Here at BCD M&E, our conversations with clients have been very much along the same lines as Andrew and Sophie’s. There is certainly a desire to get back to live events but clearer H&S guidance as well as corporate confidence is vital. For the meantime, virtual and planning hybrid is definitely part of the mix.
Sophie agreed, “I think we can look forward to reopening in 2021 but it will be in spite of COVID, not because it’s gone away. Initially, there will be caution and we will need to work together to install confidence and deliver safe, organised events, that still offer a memorable and inspiring experience. By 2022, I believe the landscape will feel more normal, with more opportunities to welcome back international visitors.”
Making hybrid work
One of the challenges I discuss with clients a lot, is how to keep their virtual audience as engaged as those in the room. In the past year BCD M&E has developed sophisticated ways of including opportunities for networking and interaction but there are challenges.
For ExCeL, there have also been some noteworthy learnings on this. They went on to explain that they’d come across something interesting with some of their clients, which was they were not necessarily running the virtual and the live event at the same time. “They are running the live events and then using recordings from these as part of the content for virtual at a later date,” said Andrew. “They want it to be rewarding for guests coming to the venue making it a special occasion to help with the confidence to attend.”
“For example, if you are at the live event maybe they’ll see a special guest that is not then recorded for the virtual event, keeping the live one more exclusive. The most relevant parts of the recorded live session are then crafted into a more interactive but shorter format for the virtual world. With virtual, average dwell times can be quiet low, as it is easy to be distracted. By curating the live content especially for virtual you are able to grow your audience and engage them, while still giving those in the room a special experience,” Andrew explained.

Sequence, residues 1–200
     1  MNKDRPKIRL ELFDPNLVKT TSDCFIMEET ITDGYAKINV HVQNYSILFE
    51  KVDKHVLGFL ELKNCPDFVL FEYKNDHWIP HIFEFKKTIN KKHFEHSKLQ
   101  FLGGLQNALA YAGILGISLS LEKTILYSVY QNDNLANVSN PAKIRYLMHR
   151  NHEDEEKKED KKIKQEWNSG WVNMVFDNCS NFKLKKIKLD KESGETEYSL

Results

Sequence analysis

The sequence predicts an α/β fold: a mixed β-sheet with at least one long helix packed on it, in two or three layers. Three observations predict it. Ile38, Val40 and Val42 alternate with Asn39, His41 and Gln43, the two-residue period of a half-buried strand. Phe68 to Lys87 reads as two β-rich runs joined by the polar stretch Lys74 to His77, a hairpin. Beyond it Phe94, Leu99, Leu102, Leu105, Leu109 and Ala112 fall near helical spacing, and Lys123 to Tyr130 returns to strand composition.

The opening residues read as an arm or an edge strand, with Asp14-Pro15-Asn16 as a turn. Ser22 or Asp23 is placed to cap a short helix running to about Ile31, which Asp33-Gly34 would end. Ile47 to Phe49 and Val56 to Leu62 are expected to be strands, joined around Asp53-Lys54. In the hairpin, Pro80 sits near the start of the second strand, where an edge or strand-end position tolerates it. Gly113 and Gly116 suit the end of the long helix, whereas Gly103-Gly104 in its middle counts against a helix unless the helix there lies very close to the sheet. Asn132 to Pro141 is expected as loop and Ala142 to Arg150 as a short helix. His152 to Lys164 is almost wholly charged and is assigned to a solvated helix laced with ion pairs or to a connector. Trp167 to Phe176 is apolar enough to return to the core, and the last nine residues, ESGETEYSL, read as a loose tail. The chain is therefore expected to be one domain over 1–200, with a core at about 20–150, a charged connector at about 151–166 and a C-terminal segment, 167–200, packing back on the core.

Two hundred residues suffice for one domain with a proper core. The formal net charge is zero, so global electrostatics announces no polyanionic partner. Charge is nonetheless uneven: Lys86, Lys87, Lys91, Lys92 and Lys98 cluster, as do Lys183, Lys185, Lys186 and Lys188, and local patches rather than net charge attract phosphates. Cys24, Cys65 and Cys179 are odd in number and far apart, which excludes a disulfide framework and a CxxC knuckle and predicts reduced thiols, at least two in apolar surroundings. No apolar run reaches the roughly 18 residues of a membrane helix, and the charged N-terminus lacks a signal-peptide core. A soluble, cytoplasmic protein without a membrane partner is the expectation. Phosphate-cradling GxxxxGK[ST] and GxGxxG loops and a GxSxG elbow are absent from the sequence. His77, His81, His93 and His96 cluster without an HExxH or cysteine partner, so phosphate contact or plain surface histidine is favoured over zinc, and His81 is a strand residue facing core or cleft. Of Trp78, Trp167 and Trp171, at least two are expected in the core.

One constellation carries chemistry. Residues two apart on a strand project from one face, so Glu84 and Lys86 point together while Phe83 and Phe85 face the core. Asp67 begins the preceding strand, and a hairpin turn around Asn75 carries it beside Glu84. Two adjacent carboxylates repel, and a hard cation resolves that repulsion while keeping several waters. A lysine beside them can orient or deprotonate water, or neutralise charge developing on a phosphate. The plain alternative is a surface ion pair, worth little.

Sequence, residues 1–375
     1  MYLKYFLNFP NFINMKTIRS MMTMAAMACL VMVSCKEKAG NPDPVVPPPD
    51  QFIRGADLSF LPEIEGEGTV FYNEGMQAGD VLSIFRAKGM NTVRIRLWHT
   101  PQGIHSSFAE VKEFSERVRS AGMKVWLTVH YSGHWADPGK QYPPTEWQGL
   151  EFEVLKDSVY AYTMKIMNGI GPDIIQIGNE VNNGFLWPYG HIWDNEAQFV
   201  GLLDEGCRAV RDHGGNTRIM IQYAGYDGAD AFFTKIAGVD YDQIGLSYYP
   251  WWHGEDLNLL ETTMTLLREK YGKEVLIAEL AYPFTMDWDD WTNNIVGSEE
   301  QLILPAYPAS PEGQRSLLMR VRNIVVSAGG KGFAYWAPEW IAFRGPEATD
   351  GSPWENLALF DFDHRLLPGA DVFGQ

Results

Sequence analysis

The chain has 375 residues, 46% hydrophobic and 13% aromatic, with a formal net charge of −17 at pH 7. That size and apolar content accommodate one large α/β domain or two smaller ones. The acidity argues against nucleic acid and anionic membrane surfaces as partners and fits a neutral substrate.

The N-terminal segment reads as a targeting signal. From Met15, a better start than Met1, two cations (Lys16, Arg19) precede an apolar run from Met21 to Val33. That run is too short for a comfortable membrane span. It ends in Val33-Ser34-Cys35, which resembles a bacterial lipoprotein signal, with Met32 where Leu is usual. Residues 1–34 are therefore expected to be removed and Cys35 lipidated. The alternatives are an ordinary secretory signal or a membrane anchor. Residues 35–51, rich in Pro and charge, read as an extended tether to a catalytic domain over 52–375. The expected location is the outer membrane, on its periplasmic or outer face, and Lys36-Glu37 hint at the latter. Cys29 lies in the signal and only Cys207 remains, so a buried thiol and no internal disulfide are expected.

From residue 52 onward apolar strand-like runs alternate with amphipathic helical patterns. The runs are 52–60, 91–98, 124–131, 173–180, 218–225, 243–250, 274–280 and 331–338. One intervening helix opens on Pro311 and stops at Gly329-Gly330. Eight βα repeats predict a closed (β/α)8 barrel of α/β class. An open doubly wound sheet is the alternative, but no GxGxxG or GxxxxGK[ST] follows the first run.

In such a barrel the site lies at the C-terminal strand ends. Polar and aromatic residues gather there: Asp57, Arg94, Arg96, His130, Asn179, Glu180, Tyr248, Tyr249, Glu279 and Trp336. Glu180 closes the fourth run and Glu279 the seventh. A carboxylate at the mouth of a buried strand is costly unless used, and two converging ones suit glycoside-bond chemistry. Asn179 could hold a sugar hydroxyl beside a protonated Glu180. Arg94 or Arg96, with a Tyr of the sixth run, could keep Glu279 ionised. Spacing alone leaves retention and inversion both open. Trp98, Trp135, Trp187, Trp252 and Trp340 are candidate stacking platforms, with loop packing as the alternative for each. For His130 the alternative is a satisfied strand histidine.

I know we at BCD M&E have worked hard to lift the production values of virtual to make it a far more quality broadcast, think breakfast TV, and differentiate it from the huge volume of Zoom / MS Team meetings everyone has been enduring. ExCeL’s inhouse hybrid studio shows they are also working towards offering clients the opportunity to have a more polished end product. As a business that prides itself on delivering unique experiences for our clients, we are delighted to see the growth of these facilities to help us offer something different. For us creativity is still key to the success of an event but having a broader range of facilities from venues like ExCeL on offer, helps us plan ahead for hybrid events.
Client’s expectations have certainly changed over the last year with a higher level of interactivity and quality of broadcast at the top of their hybrid wish list. But that can come with a price tag and I wondered if Andrew and Sophie thought that the cost implications of hybrid would put clients off? Music to my ears, was that they really didn’t. As they explained, the expectations of hybrid are of course higher now than from before when perhaps hybrid meant just streaming a live event. However, the opportunity to reach that wider audience in an engaging and interactive way, for them, adds so much value to the client’s event.
In conclusion, it seems we are all in agreement that the developments in virtual and hybrid are here to stay and the need to reach larger and larger audiences will drive the push behind hybrid. For me, one thing is clear, having a partner like ExCeL London who is more than ready for this new generation of events is something to smile about.